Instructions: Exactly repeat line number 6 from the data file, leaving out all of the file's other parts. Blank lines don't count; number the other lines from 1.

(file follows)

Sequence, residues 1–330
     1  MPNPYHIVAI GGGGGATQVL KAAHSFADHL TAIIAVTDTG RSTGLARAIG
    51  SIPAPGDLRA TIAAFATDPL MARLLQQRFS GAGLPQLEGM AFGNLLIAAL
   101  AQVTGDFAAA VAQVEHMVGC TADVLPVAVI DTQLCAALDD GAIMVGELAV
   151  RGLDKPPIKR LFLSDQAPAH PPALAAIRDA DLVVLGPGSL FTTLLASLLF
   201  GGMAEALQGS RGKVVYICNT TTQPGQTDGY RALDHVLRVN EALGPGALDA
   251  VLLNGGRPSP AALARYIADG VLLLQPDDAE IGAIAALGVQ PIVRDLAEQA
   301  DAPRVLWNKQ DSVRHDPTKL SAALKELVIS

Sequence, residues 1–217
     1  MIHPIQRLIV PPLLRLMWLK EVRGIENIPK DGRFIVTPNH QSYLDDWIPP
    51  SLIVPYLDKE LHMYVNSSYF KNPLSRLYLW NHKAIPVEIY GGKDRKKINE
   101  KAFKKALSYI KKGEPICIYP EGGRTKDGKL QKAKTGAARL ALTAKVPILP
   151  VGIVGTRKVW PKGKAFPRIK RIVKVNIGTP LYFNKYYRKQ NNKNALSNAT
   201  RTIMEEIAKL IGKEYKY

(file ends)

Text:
   201  GGMAEALQGS RGKVVYICNT TTQPGQTDGY RALDHVLRVN EALGPGALDA